Once you’ve cut all expenses that you possibly can, redo the total income minus total bills & expenses calculation. If you’re still spending more than you earn then the only other option is to increase your income. This is not always easy to do and it may take some time before you see any extra money in your budget. Below are some tips to help you get started:

  • Sell any unused items around your home;
  • Start a part-time job on weekends or after you finish your full-time work;
  • Ask for extra shifts or increase your hours;
  • Earn a promotion or pay rise at your current job;
  • Make something you can sell online;
  • Look for a new job which has a higher pay;
  • Learn a new skill that will help you earn a pay rise or find a higher paying job.
Expert Tip

Lasting increases vs one off increases

You’ll notice from the list above that some of the ways to increase your income will result in lasting changes. Your income will be increased in the future as well. However, there are some (like selling items around your home) that will only give you a one-off increase. If you’re spending more than you earn and you’ve cut all possible spending, you’ll need to focus on increasing your long term income. One-off increases are okay for the short term, but they’re not a long term solution.

Your income exceeds your expenses

If you have a positive figure after subtracting your expenses from your income then you’re spending less than you earn. This means you have some money leftover in your budget. This is good! This is exactly what you should be aiming for. The question I often get, however, is what you should do with the money leftover in your budget.

The answer depends on your financial goals and where you are on your journey to financial independence. Extra money in your budget should be allocated to your financial goals in order of which is most important for lasting financial freedom.

Allocate money towards your financial goals

I always recommend that your #1 financial goal and priority should be to build up a fully-funded emergency fund. This is the order in which I recommend my students focus on their financial goals:

  1. Emergency fund (minimum of 3-6 months of expenses, plus a little extra for emergency expenses like car repairs);
  2. Saving up for larger bills & expenses (for example, car maintenance fund, annual insurance premiums, important events like birthdays & Christmas);
  3. Making extra debt repayments to become debt free;
  4. Building wealth through investing.

You can absolutely save for things like Christmas while you’re paying off debt. However, I put saving before becoming debt-free because your ability to save money will help you find more money in your budget to put towards paying off debt.

Going back to our example from before, Betty has $958 remaining in her budget to allocate towards her financial goals. She should budget for this extra money based on where she’s up to on her journey to financial freedom and her financial goals.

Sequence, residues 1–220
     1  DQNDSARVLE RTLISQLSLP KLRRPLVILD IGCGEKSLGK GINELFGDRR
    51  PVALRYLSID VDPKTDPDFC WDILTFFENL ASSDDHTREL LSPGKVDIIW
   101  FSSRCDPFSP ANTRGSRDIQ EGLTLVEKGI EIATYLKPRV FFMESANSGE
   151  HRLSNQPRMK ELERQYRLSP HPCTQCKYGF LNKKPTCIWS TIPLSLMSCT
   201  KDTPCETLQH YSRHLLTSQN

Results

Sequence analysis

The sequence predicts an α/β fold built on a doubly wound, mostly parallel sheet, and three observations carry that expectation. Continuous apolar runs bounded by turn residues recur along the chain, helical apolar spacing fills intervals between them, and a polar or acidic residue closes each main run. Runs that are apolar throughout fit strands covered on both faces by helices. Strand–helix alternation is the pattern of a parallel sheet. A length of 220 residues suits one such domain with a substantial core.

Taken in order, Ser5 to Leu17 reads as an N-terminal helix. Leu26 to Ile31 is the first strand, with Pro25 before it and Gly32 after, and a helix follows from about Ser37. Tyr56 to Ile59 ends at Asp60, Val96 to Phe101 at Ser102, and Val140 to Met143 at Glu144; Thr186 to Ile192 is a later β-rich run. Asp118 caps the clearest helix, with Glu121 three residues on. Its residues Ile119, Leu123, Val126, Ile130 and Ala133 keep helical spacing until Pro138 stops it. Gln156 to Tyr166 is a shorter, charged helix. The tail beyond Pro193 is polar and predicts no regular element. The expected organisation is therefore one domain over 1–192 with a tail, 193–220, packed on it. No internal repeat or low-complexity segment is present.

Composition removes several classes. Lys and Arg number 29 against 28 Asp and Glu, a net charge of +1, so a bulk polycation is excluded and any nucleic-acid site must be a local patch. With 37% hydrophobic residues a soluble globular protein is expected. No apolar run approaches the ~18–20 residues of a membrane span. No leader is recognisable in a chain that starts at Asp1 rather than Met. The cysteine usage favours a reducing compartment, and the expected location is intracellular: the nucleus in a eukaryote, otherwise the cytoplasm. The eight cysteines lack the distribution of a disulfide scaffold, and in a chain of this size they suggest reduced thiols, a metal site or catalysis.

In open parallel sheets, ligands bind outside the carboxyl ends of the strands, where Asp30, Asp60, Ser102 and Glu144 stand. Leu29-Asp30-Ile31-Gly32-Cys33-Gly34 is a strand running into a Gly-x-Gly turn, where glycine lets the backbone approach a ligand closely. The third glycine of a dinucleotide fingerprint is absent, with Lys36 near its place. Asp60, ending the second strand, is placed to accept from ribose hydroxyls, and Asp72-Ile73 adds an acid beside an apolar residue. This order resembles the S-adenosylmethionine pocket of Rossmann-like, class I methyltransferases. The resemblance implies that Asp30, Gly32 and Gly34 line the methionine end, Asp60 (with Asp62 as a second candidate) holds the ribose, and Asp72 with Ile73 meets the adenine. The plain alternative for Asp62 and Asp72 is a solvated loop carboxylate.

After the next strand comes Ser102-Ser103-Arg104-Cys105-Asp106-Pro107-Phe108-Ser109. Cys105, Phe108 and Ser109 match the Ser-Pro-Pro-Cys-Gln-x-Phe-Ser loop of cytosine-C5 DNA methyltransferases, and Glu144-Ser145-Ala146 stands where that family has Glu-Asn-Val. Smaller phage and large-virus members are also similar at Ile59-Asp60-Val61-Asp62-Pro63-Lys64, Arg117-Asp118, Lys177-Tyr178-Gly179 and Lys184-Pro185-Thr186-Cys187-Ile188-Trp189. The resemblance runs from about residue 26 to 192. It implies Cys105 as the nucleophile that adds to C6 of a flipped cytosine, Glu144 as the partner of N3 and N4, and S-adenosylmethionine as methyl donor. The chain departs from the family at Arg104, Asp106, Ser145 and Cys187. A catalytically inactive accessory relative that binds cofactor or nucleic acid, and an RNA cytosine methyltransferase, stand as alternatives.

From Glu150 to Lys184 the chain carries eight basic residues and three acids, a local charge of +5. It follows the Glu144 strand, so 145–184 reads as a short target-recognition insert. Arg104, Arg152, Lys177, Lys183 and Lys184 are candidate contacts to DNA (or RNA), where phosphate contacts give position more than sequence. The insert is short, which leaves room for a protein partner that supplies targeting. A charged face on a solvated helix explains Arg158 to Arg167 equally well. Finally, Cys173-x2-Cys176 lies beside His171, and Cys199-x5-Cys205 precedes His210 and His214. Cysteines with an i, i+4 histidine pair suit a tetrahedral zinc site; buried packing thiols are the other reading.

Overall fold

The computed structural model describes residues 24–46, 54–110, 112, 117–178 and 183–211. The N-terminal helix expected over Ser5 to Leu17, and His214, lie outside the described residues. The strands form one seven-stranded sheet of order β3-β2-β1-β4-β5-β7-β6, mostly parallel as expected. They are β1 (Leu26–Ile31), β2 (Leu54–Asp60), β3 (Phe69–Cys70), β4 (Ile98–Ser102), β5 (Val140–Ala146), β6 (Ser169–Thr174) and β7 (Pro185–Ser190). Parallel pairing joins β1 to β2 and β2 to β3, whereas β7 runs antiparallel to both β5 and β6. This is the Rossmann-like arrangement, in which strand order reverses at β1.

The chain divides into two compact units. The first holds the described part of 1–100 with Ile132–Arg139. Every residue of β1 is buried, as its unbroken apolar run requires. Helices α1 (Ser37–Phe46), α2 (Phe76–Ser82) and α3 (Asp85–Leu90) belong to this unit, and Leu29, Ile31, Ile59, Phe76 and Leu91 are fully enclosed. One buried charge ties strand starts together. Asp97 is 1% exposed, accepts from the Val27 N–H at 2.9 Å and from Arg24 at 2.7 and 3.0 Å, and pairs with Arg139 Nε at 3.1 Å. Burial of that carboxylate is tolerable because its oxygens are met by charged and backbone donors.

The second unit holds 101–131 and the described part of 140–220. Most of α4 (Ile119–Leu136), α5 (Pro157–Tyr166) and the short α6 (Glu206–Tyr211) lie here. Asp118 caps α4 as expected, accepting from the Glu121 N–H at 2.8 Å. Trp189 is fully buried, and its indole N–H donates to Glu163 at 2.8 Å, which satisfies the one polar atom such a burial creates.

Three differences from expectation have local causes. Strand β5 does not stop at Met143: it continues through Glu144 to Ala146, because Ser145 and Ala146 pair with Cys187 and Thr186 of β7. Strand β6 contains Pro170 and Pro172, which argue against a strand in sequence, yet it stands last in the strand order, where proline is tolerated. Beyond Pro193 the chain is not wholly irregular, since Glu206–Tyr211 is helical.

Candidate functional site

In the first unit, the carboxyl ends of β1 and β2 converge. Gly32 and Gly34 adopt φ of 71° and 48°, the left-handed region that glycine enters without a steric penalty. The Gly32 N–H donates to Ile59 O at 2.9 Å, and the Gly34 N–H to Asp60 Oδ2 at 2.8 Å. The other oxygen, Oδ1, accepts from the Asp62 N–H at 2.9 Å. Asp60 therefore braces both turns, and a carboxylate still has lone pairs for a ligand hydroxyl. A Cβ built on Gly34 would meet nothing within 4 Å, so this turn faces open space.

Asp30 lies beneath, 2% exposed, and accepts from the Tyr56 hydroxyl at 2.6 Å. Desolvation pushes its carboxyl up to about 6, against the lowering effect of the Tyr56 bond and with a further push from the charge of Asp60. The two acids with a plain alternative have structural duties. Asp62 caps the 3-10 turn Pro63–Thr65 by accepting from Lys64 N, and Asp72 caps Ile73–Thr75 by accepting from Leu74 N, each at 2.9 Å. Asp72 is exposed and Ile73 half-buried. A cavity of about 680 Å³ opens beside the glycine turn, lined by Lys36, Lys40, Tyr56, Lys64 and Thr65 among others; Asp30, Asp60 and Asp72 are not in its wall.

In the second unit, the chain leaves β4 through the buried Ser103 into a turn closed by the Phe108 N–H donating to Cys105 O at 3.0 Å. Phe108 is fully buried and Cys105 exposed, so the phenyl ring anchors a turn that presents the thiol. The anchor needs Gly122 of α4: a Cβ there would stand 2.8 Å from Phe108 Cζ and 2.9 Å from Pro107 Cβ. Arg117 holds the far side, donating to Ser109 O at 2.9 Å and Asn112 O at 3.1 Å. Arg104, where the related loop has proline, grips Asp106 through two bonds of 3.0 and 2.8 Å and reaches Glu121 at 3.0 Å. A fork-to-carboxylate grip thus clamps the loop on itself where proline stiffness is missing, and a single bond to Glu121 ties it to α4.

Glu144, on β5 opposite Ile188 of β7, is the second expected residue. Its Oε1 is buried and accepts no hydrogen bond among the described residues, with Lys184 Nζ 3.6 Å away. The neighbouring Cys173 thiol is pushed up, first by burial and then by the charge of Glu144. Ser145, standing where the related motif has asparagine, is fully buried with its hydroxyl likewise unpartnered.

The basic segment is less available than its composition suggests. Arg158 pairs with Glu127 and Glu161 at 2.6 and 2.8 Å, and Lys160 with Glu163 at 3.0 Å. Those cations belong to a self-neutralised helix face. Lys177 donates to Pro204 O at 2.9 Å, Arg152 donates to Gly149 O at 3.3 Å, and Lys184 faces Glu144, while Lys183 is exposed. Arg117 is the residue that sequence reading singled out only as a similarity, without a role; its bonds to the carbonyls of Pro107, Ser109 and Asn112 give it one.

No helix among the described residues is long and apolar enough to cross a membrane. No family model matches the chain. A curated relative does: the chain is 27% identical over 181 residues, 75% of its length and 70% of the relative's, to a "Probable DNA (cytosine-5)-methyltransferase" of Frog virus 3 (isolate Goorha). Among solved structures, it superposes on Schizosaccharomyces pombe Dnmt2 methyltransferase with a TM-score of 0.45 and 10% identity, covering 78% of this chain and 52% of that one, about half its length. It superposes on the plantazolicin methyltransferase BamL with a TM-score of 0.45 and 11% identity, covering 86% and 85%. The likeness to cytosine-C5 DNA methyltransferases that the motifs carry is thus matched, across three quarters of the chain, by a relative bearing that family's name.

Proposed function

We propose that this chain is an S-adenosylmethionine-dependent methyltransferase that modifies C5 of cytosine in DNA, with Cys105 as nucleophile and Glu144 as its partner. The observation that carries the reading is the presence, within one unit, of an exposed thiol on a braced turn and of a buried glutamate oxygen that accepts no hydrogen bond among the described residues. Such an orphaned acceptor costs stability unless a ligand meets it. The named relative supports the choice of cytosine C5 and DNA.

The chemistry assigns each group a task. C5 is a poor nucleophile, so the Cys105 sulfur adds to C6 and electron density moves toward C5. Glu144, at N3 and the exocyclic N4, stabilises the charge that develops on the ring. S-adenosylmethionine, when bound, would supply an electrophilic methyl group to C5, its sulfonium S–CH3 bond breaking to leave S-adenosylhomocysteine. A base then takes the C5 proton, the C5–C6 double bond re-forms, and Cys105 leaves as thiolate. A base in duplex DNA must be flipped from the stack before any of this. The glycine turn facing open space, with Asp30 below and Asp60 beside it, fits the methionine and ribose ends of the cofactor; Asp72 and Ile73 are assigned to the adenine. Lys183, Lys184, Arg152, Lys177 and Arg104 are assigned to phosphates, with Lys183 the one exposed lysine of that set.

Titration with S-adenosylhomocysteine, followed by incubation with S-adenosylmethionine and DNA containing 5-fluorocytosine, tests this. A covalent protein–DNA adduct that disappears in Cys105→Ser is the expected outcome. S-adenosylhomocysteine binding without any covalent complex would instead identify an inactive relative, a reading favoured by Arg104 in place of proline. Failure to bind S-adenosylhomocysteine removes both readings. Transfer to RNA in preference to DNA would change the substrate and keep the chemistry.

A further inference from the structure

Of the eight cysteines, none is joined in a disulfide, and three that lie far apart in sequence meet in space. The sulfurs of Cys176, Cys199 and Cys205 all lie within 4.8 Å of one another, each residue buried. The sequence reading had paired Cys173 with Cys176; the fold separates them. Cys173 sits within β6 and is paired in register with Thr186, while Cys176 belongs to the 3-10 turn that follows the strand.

5. Track your expenses against your budget

At this stage in the process, you’ve actually completely set your budget! I knew you could do it! But the work isn’t over yet. There’s no point setting a budget if you still don’t know where your money is going or your budget doesn’t actually work in your life.

The next step is to track all your expenses over the next month. This will help you see which areas in your budget need more work. It’ll also show you where your money is actually going, and will highlight the financial consequences of the decisions you make.

At the end of the month, add up all your spending and compare it against your budget for each expense category.

Read more: 5 Ways to Track Your Expenses in Your Budget

6. Review, revise & adjust your budget

The last step is where the true power of your budget comes into play. When you look at your actual spending versus your budget, you should clearly be able to see where you did well and where you exceeded your budget. If you weren’t able to stick to your budget, that’s ok. It’s most likely because your budget for that category was too restrictive.

Reviewing your budget and reflecting on why some things worked and others didn’t is super important. It gives you a chance to continually adjust your budget month after month until your budget truly reflects your life and what your goals are.

If you’ve exceeded your budget, don’t get disheartened. I promise you that it happens to everyone. I’ve been budgeting since I was literally a child and I still get it wrong sometimes. The important thing is that you know what’s going on with your money so you can learn to make better decisions with your budget.


Budgeting doesn’t have to be complicated or difficult. You can easily learn to budget your money in 6 simple steps. Your budget will be the most powerful tool you have in your journey towards lasting financial freedom and independence. It shows you where your money is actually going and allows you to dedicate extra money in your budget towards your financial goals. It’s important to continuously review and adjust your budget to ensure your money is working as hard as it can to make your dreams come true.